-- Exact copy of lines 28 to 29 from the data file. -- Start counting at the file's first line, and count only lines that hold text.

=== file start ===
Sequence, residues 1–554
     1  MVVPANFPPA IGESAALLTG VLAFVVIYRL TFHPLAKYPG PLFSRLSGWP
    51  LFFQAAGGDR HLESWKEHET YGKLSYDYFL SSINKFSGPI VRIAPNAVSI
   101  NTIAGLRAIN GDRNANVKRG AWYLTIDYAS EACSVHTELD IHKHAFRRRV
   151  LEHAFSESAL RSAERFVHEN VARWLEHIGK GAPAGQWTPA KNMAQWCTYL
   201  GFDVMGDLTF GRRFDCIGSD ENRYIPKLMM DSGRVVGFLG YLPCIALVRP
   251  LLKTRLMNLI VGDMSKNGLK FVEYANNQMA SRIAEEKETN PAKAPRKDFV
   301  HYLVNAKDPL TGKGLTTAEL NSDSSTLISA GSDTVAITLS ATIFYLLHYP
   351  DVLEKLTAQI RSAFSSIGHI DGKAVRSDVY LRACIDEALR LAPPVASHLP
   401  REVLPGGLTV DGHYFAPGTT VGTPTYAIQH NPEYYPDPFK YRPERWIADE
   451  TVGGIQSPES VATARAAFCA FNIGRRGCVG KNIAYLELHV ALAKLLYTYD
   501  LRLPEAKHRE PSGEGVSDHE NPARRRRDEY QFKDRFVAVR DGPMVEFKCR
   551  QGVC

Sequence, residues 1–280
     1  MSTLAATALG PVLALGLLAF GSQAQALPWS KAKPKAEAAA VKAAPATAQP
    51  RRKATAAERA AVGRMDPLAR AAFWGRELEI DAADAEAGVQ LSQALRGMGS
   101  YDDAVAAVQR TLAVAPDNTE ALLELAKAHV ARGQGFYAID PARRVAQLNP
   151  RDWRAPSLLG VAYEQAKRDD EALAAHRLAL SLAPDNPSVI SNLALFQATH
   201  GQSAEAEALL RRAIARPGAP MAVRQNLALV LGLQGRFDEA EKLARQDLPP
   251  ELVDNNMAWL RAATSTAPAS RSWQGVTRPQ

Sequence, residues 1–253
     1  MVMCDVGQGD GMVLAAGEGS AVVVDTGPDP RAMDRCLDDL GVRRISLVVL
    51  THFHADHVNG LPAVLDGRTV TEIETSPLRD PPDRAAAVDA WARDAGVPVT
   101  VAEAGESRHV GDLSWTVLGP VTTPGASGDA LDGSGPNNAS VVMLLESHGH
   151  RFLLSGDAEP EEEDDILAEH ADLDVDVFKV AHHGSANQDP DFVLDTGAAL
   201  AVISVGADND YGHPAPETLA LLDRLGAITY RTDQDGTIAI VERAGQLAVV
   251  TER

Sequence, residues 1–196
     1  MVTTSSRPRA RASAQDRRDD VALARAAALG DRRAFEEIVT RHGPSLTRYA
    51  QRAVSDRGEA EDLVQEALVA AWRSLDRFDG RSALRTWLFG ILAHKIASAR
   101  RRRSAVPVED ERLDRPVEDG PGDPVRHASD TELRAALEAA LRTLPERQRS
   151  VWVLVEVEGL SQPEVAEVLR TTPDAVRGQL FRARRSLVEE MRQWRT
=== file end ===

Sequence, residues 1–196
     1  MVTTSSRPRA RASAQDRRDD VALARAAALG DRRAFEEIVT RHGPSLTRYA